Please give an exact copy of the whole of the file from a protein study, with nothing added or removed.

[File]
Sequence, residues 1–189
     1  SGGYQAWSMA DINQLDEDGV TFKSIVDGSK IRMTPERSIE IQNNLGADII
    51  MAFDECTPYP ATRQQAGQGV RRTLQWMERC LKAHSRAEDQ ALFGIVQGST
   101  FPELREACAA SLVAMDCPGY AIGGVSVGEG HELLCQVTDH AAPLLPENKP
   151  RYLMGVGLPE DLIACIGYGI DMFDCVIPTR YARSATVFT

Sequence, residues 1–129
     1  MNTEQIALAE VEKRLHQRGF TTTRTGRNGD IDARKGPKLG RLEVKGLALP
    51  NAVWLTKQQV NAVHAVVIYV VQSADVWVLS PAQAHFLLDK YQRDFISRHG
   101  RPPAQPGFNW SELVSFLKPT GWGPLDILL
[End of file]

Sequence, residues 1–189
     1  SGGYQAWSMA DINQLDEDGV TFKSIVDGSK IRMTPERSIE IQNNLGADII
    51  MAFDECTPYP ATRQQAGQGV RRTLQWMERC LKAHSRAEDQ ALFGIVQGST
   101  FPELREACAA SLVAMDCPGY AIGGVSVGEG HELLCQVTDH AAPLLPENKP
   151  RYLMGVGLPE DLIACIGYGI DMFDCVIPTR YARSATVFT

Sequence, residues 1–129
     1  MNTEQIALAE VEKRLHQRGF TTTRTGRNGD IDARKGPKLG RLEVKGLALP
    51  NAVWLTKQQV NAVHAVVIYV VQSADVWVLS PAQAHFLLDK YQRDFISRHG
   101  RPPAQPGFNW SELVSFLKPT GWGPLDILL